• Clarification of the scope of the PARs provisions on packaged accounts, including what "other products and services" may include.
  • Addition of guidance on the timing and method of providing information on the costs and fees of purchasing the other products and services separately.
  • Regulatory reporting requirements:
  • Total number of refusals of switching applications to be reported (rather than the proportion of total applications refused).
  • Total number of refusals of applications for basic bank accounts to be reported (rather than the proportion of total applications refused).
  • Reporting deadline extended to two months (instead of one month) after the end of the reporting period.

The final text of the FCA's rule changes comes into force on 18 September 2016 (the same day as the relevant provisions of the PARs come into force).

UK payments infrastructure in need of reform

On July 28, 2016 the Payment Systems Regulator published the final report on its market review into the ownership and competitiveness of infrastructure provision supporting three payment systems – Bacs, Faster Payments Service and LINK.

The PSR concluded that there is “…currently no effective competition in the market for the provision of central infrastructure services for Bacs, FPS and LINK”.

Together with the full report the PSR has released a factsheet summarising the key findings and suggested solutions outlined in the report.  The three solutions recommended are:

  • Competitive procurement exercises – ranging from issuing guidance through to requiring operators to follow a prescribed procurement process;
  • Enhanced interoperability, including a common international messaging standard, for Bacs and FPS; and
  • Divestment by the four largest VocaLink shareholder PSPs of their interest in VocaLink – it is noted that the acquisition of VocaLink by MasterCard could address some of the issues identified by the PSR as restricting competition.

Feedback on these proposals is requested by September 22, 2016.

What this means for you

By making these changes, the PSR wishes to open up the provision of infrastructure services to Bacs, FPS and LINK to different infrastructure providers, including international players. It remains to be seen to what extent the solutions proposed by the PSR, if confirmed, will lead to new providers coming forward to bid for this work, and whether they will lead to increased competiveness in the long term.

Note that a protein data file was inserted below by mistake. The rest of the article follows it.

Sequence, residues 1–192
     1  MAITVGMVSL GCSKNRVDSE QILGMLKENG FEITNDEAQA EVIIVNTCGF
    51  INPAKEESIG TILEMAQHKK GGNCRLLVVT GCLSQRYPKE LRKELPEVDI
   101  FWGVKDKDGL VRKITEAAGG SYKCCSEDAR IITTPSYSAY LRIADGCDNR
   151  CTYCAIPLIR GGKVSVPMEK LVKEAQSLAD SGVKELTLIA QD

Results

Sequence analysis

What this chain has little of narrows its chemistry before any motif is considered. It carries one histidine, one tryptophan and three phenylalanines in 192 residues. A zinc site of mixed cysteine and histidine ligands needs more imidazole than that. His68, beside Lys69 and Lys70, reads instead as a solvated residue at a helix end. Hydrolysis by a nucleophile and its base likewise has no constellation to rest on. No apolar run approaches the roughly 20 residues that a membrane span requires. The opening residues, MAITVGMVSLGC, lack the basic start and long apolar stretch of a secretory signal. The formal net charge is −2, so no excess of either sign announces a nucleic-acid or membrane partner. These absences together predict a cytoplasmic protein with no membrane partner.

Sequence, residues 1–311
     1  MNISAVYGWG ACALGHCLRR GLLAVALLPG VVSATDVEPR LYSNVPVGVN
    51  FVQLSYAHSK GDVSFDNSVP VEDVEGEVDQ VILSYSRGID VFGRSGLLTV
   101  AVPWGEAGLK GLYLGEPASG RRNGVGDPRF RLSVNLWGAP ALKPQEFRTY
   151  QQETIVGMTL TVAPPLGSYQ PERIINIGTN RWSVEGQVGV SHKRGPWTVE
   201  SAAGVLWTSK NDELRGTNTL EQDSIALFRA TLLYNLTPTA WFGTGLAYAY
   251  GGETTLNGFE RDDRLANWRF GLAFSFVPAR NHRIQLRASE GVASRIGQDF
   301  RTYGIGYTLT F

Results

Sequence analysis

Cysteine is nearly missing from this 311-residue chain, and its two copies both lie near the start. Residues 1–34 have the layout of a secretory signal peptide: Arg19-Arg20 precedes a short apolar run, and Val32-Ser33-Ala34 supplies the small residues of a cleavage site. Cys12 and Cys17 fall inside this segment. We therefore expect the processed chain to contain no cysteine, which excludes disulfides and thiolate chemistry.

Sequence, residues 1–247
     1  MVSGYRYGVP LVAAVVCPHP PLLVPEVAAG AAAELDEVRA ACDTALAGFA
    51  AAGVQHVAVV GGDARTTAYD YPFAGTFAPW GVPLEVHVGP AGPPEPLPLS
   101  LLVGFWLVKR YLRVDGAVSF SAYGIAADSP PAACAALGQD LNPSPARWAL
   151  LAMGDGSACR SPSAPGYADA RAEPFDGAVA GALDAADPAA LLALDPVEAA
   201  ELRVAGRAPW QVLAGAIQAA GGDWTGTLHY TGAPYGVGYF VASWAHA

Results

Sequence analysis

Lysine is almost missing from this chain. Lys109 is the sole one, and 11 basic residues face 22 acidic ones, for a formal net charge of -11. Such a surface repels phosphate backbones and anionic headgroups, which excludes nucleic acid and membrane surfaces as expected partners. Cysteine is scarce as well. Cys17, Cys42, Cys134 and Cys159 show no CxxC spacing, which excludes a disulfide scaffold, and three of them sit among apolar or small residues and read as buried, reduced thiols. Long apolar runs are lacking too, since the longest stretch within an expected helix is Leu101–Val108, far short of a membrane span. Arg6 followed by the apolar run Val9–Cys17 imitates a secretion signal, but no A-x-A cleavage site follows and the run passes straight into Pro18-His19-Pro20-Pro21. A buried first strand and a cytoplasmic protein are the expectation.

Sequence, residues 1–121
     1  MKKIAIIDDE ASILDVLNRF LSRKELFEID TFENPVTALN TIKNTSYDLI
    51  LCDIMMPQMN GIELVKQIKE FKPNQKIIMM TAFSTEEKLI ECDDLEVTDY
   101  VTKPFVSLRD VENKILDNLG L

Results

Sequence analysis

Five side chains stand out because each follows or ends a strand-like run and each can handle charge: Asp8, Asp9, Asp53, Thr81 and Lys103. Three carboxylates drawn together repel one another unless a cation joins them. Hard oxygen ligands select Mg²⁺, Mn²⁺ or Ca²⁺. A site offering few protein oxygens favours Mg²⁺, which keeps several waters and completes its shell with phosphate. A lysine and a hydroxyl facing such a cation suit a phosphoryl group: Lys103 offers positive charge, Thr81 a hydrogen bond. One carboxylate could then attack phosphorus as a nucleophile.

It will not be possible for some providers to bid to supply these services until the international messaging standard has been agreed and implemented, and existing contracts for infrastructure provision will need to run to term. It is likely to be some time, therefore, before the impacts of the proposals, if confirmed, are felt. The Payments Strategy Forum, the payments industry’s strategy setting vehicle,  has been tasked with selecting the appropriate messaging standard. In its proposed strategy, which it is currently consulting on, it has proposed the introduction of ISO20022 within the next 1-3 years. The Payments Strategy Forum consultation on its draft strategy closes on 14 September 2016.

Once the new standard has been confirmed, the payment systems operators will have to implement the new standard, which is likely to be a complex and time-consuming task, although one that at least one of the systems, FPS, has already begun work on. There could be short term impacts of implementing the changes, such as increased costs and there are likely to be concerns around risks to the stability of the systems. The Bank of England, as supervisor of these systems from a financial stability perspective, and the PSR will be keen to see are such risks are managed.

Overall the PSR has taken an interventionist approach with these proposals. However, it looks unlikely that it will be required to flex its muscles in relation to the most interventionist of its proposals, to use its powers to force firms with an interest in a payment system infrastructure provider to divest all or part of that interest. The MasterCard deal, if it proceeds, is likely to mean that the PSR’s concerns, which this proposal was designed to address, are allayed. Nonetheless, the point has been made that the PSR is not afraid to ‘show its teeth’.